July 20, 2002 - July 21, 2002 (2 days)
Atlanta, GA
Purpose - Speech to A.T.L.A. luncheon
Total Cost - $654.00

GRAHAM, LINDSEY OLIN - Republican Party
January 30, 2005 - January 30, 2005 (1 days)
La Quinta, CA
Purpose - Keynote speaker, American Trial Lawyers Association 2005 Winter Convention
Total Cost - $260.00

STABENOW, DEBBIE - Democratic Party
January 28, 2005 - January 29, 2005 (2 days)
La Quinta, CA
Purpose - Speaking
Total Cost - $1,190.88

DURBIN, RICHARD J - Democratic Party
July 23, 2005 - July 23, 2005 (1 days)
Toronto, Canada
Purpose - Deliver keynote address at opening plenary session of annual conference of Association of Trial Lawyers of America
Total Cost - $839.73

DAVIS, ARTUR GENESTRE - Democratic Party
July 23, 2005 - July 24, 2005 (2 days)
Toronto, Canada
Purpose - Luncheon speaker for ATLA annual convention
Total Cost - $466.76

American RadioWorks |
(Photos: Franklin D. Roosevelt Presidential Library)

The First Family of Radio

When Franklin D. Roosevelt was elected president in 1932, he and first lady Eleanor Roosevelt both used the new medium of radio to reach into American homes like never before. They rallied the nation to combat the Great Depression and fight fascism. The Roosevelts forged an uncommonly personal relationship with the people. This documentary explores how FDR and ER's use of radio revolutionized the way Americans relate to the White House and its occupants.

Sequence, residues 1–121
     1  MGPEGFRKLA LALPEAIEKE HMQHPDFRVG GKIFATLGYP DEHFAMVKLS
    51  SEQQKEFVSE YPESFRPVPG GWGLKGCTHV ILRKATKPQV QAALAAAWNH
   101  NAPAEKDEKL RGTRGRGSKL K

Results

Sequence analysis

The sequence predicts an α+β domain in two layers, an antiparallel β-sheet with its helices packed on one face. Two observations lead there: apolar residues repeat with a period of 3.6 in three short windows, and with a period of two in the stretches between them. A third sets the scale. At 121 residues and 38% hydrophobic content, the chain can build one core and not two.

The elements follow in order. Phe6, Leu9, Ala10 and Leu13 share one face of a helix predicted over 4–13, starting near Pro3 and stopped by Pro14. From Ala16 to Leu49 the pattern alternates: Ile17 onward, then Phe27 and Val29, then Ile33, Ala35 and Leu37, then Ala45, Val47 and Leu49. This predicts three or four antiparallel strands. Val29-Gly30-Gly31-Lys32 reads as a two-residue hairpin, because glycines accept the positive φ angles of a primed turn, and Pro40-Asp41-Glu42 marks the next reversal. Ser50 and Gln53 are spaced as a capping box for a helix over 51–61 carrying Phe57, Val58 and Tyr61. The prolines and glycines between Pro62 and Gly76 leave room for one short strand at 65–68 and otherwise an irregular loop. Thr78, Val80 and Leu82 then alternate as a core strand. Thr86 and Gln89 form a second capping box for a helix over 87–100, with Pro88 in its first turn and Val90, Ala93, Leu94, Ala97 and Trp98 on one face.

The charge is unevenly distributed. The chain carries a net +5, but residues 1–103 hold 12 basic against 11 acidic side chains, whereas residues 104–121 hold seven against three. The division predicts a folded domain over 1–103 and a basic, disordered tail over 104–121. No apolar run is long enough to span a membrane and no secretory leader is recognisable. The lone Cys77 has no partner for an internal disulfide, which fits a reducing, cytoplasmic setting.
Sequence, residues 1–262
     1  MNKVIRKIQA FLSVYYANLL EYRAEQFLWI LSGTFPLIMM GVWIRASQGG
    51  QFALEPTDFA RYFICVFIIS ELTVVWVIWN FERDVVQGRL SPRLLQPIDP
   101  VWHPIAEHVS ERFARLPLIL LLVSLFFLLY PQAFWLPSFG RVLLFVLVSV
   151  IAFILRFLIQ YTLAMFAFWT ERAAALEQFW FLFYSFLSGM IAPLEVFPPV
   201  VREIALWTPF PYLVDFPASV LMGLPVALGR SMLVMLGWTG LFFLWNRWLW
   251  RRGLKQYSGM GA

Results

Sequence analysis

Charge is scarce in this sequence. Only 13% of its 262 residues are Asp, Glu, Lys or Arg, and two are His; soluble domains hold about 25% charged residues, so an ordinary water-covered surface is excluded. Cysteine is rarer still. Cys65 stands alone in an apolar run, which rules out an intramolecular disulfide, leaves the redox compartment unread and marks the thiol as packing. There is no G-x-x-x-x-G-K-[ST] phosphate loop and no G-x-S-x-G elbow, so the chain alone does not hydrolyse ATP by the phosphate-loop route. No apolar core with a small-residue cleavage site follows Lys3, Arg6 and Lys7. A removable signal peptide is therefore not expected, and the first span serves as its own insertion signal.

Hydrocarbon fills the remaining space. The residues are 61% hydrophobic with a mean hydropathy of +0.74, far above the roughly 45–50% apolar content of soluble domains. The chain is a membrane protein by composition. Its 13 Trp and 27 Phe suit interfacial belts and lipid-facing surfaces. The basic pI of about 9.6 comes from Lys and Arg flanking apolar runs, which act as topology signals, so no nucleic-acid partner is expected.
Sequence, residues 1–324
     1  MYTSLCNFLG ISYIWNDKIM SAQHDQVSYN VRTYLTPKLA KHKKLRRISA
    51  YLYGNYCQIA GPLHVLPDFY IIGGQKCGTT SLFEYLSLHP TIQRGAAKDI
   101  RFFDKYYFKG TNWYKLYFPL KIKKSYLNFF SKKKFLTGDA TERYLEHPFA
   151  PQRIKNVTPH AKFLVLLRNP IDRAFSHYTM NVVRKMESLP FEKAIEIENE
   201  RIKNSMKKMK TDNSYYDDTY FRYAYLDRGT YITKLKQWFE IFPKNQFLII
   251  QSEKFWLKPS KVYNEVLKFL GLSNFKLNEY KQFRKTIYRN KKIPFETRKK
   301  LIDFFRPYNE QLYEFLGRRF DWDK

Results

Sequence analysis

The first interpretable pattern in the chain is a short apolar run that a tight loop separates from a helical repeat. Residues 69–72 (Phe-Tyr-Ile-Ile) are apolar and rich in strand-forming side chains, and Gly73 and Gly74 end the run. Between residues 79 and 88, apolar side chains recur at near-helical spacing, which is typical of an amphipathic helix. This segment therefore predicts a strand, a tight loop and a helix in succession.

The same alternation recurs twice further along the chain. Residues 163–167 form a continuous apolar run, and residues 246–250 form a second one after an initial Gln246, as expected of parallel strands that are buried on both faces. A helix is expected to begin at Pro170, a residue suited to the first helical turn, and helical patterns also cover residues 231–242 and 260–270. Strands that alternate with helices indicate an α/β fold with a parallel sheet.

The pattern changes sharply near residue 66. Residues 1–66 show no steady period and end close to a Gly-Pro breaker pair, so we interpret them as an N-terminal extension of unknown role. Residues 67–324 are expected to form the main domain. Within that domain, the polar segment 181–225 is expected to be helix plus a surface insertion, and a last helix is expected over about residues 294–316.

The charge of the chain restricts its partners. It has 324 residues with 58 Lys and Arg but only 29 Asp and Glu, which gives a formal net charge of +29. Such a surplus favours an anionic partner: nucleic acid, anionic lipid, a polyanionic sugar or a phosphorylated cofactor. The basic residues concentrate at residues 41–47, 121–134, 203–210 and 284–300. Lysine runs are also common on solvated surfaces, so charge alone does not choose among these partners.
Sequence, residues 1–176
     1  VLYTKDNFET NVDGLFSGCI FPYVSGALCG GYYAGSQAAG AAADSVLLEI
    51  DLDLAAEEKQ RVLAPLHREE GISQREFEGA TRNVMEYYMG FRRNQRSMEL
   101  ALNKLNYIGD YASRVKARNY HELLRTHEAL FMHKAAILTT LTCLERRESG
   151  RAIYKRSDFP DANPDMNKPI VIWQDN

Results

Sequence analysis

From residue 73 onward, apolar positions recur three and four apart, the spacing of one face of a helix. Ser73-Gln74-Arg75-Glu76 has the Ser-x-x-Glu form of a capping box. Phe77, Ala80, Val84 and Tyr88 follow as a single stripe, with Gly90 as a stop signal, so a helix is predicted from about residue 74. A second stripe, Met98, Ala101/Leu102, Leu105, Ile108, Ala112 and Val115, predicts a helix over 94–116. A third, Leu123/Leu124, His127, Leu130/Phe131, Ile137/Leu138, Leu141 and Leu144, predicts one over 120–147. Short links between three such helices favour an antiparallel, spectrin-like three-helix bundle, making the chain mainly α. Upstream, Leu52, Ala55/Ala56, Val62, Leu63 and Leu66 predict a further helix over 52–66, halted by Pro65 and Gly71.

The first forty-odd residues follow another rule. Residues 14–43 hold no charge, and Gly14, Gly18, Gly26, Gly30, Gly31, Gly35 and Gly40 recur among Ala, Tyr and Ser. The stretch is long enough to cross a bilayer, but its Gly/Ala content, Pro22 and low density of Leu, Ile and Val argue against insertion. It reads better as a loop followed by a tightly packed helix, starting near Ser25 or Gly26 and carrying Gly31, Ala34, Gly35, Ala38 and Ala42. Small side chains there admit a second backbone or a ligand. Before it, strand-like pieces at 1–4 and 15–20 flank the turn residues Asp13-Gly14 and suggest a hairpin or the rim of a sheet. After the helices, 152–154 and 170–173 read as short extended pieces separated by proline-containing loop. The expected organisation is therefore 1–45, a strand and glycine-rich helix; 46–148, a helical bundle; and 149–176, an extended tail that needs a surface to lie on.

Recent Posts

  • 11.17.14

    The Utility of a PhD

    Humanities professors at colleges and universities are re-thinking what it means to offer a PhD. The old model is proving unsustainable. It takes an average nine years to get a doctorate, but less than 60 percent of PhDs are finding tenure-track teaching jobs. This week, we look at a new report recommending academics view doctoral programs in a new light.
  • 11.10.14

    Radio: FDR’s ‘Natural Gift’

    President Franklin D. Roosevelt was a radio natural. He spoke in a confident, informal way, using simple words and phrases that were easy to grasp.
  • 11.12.14

    The Roosevelts as a political team

    Eleanor and Franklin Roosevelt were not the first White House couple to act as political partners, but they were the first to do so in such a public fashion.
  • 11.10.14

    Radio: The Internet of the 1930s

    Some predicted radio would be a powerful force for democratizing information and spreading knowledge to a vast population previously separated by geography or income. But the new technology also raised anxieties.